The Bulletin of Atomic Scientists’ “Doomsday Clock” – a construct representing the threats to humanity from the nuclear to the natural – remains in the red at 100 seconds to midnight for 2021, its proprietors have warned.
The scientists released their annual forecast on Wednesday, highlighting a resurgent nuclear arms race, climate change, and online misinformation about the Covid-19 epidemic as three existential threats humanity must face down if the species is to survive.
While the clock’s hands haven’t moved since 2020, when it ticked into its current position, the scientists behind it have cautioned urgently against allowing the current state of affairs to settle in as a “new abnormal.”
While the Treaty on the Prohibition of Nuclear Weapons took effect earlier this month, the 50 countries that signed it have no nukes themselves – and the treaty is an effort to push their nuclear-armed neighbors toward disarmament. As of 2019, all of those nuclear-armed neighbors were working on modernizing their arsenals. The bulletin called on nuclear-armed nations – especially the US – to resist the temptation to beef up their nuclear programs and take disarmament seriously, warning that the potential for “stumbling” into nuclear war has never been greater.
Climate change, too, remains a dire threat, despite a drop in emissions in the early months of the pandemic. With several nations on the road to recovery already, “emissions have largely bounced back,” the scientists pointed out, a problem that will only increase as more economies reopen. Citing wildfires and cyclones over the past year, they urged countries to direct stimulus funds toward green energy, chiding the International Monetary Fund and the World Bank for essentially sabotaging low-income countries’ efforts to clean up their energy production by weighting aid packages heavily toward fossil fuels.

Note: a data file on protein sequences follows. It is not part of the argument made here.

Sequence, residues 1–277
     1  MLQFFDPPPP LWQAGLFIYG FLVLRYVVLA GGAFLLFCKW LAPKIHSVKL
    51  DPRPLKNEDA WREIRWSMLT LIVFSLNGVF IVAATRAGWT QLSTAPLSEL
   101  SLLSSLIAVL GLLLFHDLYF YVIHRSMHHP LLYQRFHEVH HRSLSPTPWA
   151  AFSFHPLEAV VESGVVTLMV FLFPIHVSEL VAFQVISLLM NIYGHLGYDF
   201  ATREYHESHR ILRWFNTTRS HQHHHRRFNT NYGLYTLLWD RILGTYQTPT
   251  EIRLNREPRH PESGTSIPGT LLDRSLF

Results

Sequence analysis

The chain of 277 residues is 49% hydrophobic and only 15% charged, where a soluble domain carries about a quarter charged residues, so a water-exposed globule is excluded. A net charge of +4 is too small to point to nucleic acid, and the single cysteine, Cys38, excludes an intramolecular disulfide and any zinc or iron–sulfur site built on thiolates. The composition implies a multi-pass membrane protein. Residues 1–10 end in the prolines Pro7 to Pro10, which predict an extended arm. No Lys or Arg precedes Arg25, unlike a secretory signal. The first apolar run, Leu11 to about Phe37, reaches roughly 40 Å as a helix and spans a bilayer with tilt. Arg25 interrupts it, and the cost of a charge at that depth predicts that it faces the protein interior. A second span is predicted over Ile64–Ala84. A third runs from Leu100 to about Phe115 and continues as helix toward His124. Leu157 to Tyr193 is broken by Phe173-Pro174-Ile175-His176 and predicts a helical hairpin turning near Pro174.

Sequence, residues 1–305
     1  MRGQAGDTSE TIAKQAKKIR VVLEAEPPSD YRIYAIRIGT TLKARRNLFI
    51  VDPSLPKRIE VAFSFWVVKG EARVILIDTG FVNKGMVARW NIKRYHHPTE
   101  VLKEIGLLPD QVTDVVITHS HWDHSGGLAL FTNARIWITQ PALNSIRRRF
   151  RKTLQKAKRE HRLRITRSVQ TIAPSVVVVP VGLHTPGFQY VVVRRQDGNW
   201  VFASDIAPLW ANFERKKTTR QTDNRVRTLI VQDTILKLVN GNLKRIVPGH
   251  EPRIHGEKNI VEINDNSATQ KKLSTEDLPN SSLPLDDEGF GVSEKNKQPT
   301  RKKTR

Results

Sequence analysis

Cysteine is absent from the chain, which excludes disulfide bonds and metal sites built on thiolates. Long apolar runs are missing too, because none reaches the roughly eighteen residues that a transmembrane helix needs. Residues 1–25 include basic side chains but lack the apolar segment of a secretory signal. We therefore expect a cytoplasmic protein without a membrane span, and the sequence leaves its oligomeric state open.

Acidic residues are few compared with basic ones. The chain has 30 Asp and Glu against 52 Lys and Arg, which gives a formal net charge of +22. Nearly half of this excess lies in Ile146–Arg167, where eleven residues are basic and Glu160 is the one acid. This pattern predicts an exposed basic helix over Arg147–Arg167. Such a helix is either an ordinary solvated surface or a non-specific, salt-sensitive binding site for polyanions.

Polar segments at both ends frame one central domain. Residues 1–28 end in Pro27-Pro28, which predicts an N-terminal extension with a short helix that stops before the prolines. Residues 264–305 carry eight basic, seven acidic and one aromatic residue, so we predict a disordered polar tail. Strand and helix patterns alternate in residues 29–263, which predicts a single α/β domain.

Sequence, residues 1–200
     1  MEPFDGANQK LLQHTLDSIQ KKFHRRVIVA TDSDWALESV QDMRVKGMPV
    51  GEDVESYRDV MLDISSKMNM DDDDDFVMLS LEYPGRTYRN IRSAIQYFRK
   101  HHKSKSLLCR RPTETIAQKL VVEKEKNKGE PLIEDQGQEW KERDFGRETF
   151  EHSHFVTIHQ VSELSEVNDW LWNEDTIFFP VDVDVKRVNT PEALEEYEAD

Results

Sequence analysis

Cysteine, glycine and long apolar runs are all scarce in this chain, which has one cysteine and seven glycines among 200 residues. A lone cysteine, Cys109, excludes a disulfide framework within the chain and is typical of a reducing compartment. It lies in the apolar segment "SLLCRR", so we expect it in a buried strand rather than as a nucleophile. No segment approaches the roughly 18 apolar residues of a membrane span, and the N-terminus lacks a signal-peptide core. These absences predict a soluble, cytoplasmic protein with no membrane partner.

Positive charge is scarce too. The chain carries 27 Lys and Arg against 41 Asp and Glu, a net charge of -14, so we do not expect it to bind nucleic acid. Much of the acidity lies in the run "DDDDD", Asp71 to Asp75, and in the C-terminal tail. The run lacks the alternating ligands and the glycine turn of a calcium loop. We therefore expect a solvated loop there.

Alongside these more concrete threats, the atomic scientists saw fit to throw in the Covid-19 “infodemic,” described by the World Health Organization as “an over-abundance of information … that makes it hard for people to find trustworthy sources and reliable guidance when they need it.”
Ironically, they said Covid-19 itself is not an existential threat to humanity, taking a far more level-headed view of the virus, while depicting ‘too much information’ as a potentially apocalyptic catastrophe.
The Doomsday Clock scientists blame social media and its business model built on emotionally manipulating its users for the “internet-fueled undercutting of rational discourse and policy-making.” They also skewer governments for politicizing the response to the virus.
Disinformation running rampant on the internet has not only hampered governments’ ability to respond to the pandemic, but “could have even more drastic consequences in a nuclear crisis,” they said – a situation that could perhaps lead to “a nuclear war that ends world civilization,” the scientists warn, noting that the climate-change debate has already been similarly polarized.
If humanity is to avoid an existential catastrophe – one that would dwarf anything it has yet seen – national leaders must do a far better job of countering disinformation, heeding science, and cooperating to diminish global risks.
While governments owe it to their constituents to communicate honestly and effectively, few people really expect them to do that, public relations firm Edelman’s recent ‘trust barometer’ survey found earlier this month. Nor do people expect the truth from the media, it found – a situation that does not bode well for the scientists trying to rescue the reputation of both institutions.
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